The answer to these questions are pretty much all the same. Step 1, learn about it and build one piece of software focused on that goal. Step 2, go for it, just do it. So that said, Microsoft has a fantastic resource, Microsoft Virtual Academy, which provides free training around various topics from entry level to advanced. This article focuses on a learning plan with MVA to attain the goal of becoming an Analytics Developer.
I have recently been informed that many of my articles may be a bit advanced for folks, so I am going to kick off a series of C# articles dedicated to the Beginner to programming. I have no idea how long this series is going to be, I’ll just keep adding to it as requests come in for various topics. This series is meant to take the absolute beginner to a level in which they can possibly derive value from my other articles. Those of you who do Jiu Jitsu with me, know you have to shrimp before you can roll, so this is sort of like shrimping.
This should prove to be an interesting series of posts coming up, as I am working on a new project that is very unique and interesting. The idea is to use incoming data from Arduinos, Raspberry Pis, Gallileos, Edisons and other assortments of IoT type devices connected to oil and gas pipelines to determine if a leak is currently in progress and also predict if a leak is likely to occur in the future based on current and trending conditions.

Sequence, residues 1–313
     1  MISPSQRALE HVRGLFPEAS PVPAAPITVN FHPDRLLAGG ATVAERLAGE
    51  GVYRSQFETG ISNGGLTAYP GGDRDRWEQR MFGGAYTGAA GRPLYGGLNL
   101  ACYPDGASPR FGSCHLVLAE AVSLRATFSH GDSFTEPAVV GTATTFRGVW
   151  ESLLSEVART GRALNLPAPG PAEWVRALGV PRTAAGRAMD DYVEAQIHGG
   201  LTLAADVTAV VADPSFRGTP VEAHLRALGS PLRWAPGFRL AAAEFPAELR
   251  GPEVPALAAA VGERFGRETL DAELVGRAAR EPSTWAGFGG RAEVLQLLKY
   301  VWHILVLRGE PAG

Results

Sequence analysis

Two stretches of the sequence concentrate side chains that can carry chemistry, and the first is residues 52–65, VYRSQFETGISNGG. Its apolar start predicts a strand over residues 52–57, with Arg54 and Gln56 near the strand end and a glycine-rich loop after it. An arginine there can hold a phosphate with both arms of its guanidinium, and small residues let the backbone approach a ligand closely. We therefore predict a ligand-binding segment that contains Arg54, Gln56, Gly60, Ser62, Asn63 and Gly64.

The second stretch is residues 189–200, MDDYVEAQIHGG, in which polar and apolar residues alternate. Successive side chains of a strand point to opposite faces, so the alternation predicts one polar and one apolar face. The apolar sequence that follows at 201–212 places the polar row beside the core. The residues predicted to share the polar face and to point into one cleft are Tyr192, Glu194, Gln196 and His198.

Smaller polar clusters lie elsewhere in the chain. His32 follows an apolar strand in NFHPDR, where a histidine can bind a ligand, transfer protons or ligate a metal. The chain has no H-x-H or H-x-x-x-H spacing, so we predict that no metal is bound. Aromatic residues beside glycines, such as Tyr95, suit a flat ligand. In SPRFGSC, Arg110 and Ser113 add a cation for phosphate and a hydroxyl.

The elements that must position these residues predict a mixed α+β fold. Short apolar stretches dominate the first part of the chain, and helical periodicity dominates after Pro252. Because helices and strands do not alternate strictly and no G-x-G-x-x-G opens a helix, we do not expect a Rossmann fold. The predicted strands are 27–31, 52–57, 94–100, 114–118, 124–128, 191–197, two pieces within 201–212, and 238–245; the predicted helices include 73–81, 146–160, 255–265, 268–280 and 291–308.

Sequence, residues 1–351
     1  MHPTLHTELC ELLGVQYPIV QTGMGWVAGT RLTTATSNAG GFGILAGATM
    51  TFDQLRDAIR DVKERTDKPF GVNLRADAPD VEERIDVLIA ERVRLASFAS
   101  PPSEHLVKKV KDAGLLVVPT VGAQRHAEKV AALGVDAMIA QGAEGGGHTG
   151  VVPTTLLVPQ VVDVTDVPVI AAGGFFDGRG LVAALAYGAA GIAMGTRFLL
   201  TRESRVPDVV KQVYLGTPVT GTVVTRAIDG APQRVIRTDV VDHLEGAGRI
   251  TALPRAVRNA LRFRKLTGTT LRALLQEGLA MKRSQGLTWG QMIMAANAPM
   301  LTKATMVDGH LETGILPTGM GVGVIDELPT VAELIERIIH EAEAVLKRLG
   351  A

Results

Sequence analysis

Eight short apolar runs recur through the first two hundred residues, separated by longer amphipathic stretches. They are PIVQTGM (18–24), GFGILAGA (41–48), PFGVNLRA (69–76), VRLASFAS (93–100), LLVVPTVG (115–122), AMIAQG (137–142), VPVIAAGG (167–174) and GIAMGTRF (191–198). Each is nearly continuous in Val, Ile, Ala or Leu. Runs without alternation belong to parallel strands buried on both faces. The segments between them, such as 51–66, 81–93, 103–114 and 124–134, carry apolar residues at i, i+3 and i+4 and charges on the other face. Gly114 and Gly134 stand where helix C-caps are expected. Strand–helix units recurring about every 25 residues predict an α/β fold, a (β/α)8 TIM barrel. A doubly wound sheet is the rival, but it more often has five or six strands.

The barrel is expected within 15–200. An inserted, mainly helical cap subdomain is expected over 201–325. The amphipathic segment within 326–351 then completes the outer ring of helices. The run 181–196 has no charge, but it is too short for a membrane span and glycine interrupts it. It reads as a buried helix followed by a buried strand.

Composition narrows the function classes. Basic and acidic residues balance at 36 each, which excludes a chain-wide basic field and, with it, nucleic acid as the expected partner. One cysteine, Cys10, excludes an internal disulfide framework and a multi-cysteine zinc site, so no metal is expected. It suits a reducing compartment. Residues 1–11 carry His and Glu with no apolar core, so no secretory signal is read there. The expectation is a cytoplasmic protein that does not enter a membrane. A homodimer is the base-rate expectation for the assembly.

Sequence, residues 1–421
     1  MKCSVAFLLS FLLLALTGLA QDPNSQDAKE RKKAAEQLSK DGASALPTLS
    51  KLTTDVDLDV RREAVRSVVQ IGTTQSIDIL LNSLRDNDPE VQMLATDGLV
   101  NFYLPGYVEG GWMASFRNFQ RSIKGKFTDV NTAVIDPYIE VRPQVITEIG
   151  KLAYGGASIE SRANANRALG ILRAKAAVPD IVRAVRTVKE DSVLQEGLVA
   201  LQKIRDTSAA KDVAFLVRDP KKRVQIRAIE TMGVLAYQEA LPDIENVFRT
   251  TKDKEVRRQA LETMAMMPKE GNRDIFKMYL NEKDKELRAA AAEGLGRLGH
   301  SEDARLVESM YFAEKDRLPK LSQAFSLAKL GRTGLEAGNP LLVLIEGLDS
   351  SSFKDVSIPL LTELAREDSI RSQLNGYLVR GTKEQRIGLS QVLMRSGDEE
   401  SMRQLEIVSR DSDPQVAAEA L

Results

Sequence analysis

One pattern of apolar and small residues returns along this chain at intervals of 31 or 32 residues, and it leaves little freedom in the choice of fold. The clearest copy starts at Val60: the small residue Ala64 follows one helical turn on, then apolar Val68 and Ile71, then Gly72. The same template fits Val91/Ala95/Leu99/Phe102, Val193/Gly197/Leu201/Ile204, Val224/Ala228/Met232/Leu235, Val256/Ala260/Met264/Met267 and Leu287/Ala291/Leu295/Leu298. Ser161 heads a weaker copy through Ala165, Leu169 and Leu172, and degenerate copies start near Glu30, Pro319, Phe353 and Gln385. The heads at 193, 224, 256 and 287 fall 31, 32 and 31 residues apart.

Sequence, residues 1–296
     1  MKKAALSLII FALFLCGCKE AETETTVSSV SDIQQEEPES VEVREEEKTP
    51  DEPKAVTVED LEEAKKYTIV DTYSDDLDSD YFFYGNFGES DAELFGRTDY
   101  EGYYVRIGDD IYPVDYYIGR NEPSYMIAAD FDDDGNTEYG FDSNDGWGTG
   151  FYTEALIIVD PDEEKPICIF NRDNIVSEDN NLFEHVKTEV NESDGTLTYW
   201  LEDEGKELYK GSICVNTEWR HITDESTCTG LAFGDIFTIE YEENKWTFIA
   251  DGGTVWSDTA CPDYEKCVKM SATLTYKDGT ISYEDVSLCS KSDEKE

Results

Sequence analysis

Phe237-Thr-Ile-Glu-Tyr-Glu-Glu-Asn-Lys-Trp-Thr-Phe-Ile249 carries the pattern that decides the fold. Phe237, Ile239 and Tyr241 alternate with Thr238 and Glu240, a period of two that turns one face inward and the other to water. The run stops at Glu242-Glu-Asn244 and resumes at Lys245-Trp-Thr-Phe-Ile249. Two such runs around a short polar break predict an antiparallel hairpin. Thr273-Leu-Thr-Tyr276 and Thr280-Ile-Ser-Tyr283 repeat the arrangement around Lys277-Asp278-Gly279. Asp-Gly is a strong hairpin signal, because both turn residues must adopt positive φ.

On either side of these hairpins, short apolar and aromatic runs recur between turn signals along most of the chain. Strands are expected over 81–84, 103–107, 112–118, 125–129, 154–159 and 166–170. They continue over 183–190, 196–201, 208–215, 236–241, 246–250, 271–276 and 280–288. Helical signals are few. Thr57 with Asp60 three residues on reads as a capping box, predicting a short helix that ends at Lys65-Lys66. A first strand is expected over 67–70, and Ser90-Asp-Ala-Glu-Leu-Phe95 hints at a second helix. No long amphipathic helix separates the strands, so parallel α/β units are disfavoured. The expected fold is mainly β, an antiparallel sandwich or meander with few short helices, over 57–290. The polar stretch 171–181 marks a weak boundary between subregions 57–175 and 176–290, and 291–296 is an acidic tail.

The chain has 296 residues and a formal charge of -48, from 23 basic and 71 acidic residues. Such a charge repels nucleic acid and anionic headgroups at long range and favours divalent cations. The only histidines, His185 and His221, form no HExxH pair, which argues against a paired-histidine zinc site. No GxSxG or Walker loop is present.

My part in the project is all back end analytics, and I have very little to do with the actual telemetry and hardware. The telemetry will be posted using Azure Event Hubs, and thus my portion of the project begins with mocking that real time data at a large enough geo dispersed scale that I can develop a system that can handle it, and then switch my configurations to consume from the production event hubs. Since I am no longer a consultant working on projects with trade secrets and everything these days is about the elevation of skills in the community, I have posted everything on github that you can download and peruse at your leisure. Please note that this is in progress and well the github source may not necessarily work when you look. I’ll try to enforce a standard to comment “working – comment” on pushes to the repository. The git repository is located here: https://github.com/drcrook1/OilGas